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Browsing named entities in a specific section of Horace Greeley, The American Conflict: A History of the Great Rebellion in the United States of America, 1860-65: its Causes, Incidents, and Results: Intended to exhibit especially its moral and political phases with the drift and progress of American opinion respecting human slavery from 1776 to the close of the War for the Union. Volume II.. Search the whole document.

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Wade Hampton (South Carolina, United States) (search for this): chapter 6
r two of the enemy was descried and shelled from our gunboats ; whereupon Gen. Dana, by order of Gen. Slocum, hastened the landing of his men and horses ; while the 16th, 31st, and 32d New York, with thle 95th and 96th Pennsylvania, were pushed forward into the woods in our front, with orders to drive out the few Rebel scouts who were supposed to be skulking there. They soon found themselves engaged with a far larger force than they had expected, whereof Gen. Whiting's Texan division and Wade Hampton's South Carolina Legion formed a part; and who, with every advantage of position and knowledge of the ground, drove our men out in haste and disorder. Twice the attempt was renewed, with similar results; but at length, our batteries having been landed and posted, they, with tile aid of the gunboats, easily silenced the single Rebel battery of small howitzers, which, from an elevated clearing in the woods, had assisted to repel the advance of our infantry; and now that infantry pushed onc
Rhode Island (Rhode Island, United States) (search for this): chapter 6
reach the field of Gen. Hancock's operations, although they moved with great rapidity, he had been confronted by a superior force. Feigning to retreat slowly, he awaited their onset. and then turned upon them: after some terrific volleys of musketry, he charged them with the bayonet, routing and dispersing their whole force, killing, wounding, and capturing from 509 to 600 men; he himself losing only 31 men. Soon, Gen. McClellan--after whom the Prince De Joinville and Gov. Sprague, of Rhode Island, had ridden post haste to Yorktown, where he was superintending the dispatching of Franklin's division to West Point — was induced, after some delay, to ride to the front, reaching Hancock's position about 5 P. M. Before dark, several other divisions had arrived on the ground; that of Gen. Couch, or a part of it, in season to claim the honor of having been engaged in the battle. Gen. McClellan, at 10 P. M., dispatched to Washington the following account of this bloody affair, which pro
Leesburg (Virginia, United States) (search for this): chapter 6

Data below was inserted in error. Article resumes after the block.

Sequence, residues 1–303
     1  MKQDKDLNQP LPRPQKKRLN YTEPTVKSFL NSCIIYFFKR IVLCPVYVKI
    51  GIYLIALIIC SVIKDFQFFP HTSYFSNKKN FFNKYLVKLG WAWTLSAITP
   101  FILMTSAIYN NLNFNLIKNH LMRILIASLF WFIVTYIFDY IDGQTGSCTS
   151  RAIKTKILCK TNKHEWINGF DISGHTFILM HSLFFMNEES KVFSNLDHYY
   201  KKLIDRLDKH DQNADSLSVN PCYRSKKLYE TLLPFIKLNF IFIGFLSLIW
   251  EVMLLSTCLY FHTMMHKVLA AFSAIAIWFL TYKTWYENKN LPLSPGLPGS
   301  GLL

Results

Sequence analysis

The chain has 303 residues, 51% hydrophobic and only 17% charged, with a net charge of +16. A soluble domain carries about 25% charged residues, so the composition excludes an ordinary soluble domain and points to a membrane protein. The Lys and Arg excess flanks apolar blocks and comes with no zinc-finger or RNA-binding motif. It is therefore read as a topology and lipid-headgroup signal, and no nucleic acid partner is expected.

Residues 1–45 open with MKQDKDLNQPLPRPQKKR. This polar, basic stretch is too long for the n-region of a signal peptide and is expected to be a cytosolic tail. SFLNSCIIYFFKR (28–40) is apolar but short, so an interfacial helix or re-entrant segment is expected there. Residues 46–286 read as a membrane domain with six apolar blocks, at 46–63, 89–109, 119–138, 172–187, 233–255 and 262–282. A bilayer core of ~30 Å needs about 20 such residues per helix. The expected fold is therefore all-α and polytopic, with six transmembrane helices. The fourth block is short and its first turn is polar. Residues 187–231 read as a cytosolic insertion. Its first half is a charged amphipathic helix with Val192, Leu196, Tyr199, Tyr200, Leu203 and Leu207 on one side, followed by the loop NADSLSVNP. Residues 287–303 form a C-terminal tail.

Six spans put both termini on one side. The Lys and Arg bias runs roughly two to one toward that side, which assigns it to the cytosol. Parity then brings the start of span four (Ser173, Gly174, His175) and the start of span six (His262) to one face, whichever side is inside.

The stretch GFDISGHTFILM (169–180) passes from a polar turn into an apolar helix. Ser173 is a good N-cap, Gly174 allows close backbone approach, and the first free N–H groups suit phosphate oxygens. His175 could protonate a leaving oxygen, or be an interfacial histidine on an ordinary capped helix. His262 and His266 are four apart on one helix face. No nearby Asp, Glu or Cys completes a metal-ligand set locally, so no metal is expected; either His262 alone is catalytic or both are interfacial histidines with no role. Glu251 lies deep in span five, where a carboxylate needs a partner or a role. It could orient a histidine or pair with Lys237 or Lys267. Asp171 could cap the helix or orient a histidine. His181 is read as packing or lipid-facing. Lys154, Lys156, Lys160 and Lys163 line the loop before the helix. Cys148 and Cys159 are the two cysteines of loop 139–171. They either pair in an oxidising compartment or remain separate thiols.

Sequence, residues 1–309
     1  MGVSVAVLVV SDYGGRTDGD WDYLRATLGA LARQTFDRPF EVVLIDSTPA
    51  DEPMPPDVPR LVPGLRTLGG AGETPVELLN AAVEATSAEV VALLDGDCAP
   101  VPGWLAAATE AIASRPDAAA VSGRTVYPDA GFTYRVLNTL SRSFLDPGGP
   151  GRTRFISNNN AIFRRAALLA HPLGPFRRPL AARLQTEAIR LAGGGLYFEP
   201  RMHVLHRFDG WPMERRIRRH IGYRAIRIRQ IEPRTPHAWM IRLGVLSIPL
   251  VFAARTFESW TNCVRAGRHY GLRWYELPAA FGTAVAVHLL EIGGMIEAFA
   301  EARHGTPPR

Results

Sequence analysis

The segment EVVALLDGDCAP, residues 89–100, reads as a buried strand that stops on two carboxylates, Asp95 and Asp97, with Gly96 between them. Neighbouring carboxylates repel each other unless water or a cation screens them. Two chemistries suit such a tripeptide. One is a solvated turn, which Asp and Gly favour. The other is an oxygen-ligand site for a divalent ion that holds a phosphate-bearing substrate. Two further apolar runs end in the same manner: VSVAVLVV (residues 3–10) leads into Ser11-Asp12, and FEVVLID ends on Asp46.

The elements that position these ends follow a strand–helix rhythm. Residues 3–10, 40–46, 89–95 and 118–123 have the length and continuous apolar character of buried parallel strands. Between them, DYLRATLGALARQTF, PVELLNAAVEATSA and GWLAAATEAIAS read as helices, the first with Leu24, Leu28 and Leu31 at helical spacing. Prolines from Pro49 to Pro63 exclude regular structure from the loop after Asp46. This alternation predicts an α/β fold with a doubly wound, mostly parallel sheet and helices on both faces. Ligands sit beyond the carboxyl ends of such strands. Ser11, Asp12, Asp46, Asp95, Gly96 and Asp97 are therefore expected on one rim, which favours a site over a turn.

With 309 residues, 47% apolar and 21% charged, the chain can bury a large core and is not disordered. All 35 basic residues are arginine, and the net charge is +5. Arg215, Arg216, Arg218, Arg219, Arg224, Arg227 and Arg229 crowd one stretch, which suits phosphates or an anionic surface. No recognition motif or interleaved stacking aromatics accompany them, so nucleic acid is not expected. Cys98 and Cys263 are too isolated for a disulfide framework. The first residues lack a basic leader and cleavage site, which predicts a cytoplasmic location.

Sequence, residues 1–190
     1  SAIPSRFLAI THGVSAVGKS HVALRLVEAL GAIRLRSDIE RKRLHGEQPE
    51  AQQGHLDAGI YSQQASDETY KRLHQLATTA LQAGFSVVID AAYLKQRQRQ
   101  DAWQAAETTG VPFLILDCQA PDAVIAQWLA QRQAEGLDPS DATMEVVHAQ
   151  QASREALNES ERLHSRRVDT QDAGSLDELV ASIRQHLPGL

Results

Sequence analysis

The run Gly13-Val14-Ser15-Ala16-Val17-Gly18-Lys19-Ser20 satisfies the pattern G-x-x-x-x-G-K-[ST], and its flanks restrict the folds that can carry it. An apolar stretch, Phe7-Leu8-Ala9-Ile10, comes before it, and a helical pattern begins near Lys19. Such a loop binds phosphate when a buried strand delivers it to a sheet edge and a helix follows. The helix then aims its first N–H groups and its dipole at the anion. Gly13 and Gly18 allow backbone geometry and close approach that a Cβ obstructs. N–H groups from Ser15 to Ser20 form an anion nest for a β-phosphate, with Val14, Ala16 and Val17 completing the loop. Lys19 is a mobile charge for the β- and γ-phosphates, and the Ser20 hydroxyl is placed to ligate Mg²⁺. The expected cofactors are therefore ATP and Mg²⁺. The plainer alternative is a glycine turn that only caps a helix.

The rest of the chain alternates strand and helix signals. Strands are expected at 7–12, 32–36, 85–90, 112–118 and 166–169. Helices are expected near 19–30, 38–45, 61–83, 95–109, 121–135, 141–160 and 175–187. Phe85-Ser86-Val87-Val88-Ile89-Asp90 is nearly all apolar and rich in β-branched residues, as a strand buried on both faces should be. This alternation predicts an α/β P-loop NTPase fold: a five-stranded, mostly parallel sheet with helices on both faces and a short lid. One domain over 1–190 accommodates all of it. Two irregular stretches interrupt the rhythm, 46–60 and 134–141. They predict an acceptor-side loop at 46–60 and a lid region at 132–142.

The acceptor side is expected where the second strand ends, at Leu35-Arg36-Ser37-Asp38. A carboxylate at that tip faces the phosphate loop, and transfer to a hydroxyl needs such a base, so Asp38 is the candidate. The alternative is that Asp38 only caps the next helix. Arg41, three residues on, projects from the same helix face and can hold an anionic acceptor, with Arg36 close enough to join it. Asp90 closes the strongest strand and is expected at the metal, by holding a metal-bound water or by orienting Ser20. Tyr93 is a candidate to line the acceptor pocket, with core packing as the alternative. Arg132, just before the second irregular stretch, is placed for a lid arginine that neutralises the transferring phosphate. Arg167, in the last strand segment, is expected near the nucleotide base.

8th of March, that the forces of the Rebel Army of the Potomac at that date were as follows: At Manassas, Centerville, Bull Run, Upper Occoquan, and vicinity80,000men. At Brooks's Station, Dumfries, Lower Occoquan, and vicinity18,000men. At Leesburg and vicinity4,500men. In the Shenandoah Valley13,000men.    Total number115,500men. On the other hand, those who were eager for a direct and decisive blow, insisted, from first to last, that the Rebel army at no time exceeded 60,000 in numbe of the rail-way and up the Shenandoah Valley. Gen. Banks had already thrown across the Potomac, at Harper's Ferry, Feb. 24. the 28th Pennsylvania, Col. Geary, following himself, Feb. 26. taking possession of Bolivar and Loudon Heights, Leesburg, Charlestown, Feb. 28. and Martinsburg, March 3. and pushing back the Rebels to Winchester, which Stonewall Jackson evacuated March 11. without a struggle. Gen. Shields, commanding Lander's division, Gen. F. W. Lander, one of the br
Rochambeau Village (Virginia, United States) (search for this): chapter 6
r the defense of a line of 13 miles. Gen. McClellan says his information placed Magruder's command at 15,000 to 20,000 men, aside from Gen. Huger's force at Norfolk, estimated by him at 20,000. Feeling the importance of dealing decisively with Magruder before he could be reenforced by Johnston, MeClellan ordered an advance on the morning of the 4th; and, before evening of the next day, Gen. Heintzelman, in front of Yorktown, and Gen. Keyes, before Winn's Mill, Called by Gen. McClellan, Lee's Mill. on the Warwick, were brought to a halt by the fire of Rebel batteries. Pollard says: General Magruder, the hero of Bethel, and a commander who was capable of much greater achievements, was left to confront the growing forces on the Peninsula, which daily menaced him, with an army of 7 500 men, while the great bulk of the Confederate forces were still in motion in the neighborhood of the Rappahannock and the Rapidan, and he had no assurance of reinforcements. The force of the enemy
Fort Henry (Tennessee, United States) (search for this): chapter 6
g of May 6th; but he found, two days earlier, that Magrluder had abandoned his works, including Yorktown, during the preceding night, retreating up the Peninsula. Gen. John G. Barnard, Gen. McClellan's chief engineer through the Peninsula campaign, in a report to his commander at the close of that campaign, says: At the time the Army of the Potomac landed on the Peninsula, the Rebel cause was at its lowest ebb. Its armies were demoralized by the defeats of Port Royal, Mill Spring, Fort Henry, Fort Donelson, Roanoke Island, and Pea Ridge; and reduced by sickness, loss in battle, expirations of period of service, etc.; while the conscription law was not yet even passed. It seemed as if it needed but one vigorous gripe to end forever this Rebellion, so nearly throttled. How, then, happened it, that the day of the initiation of the campaign of this magnificent Army of the Potomac was the day of the resuscitation of the Rebel cause, which seemed to grow pari passu with the slow p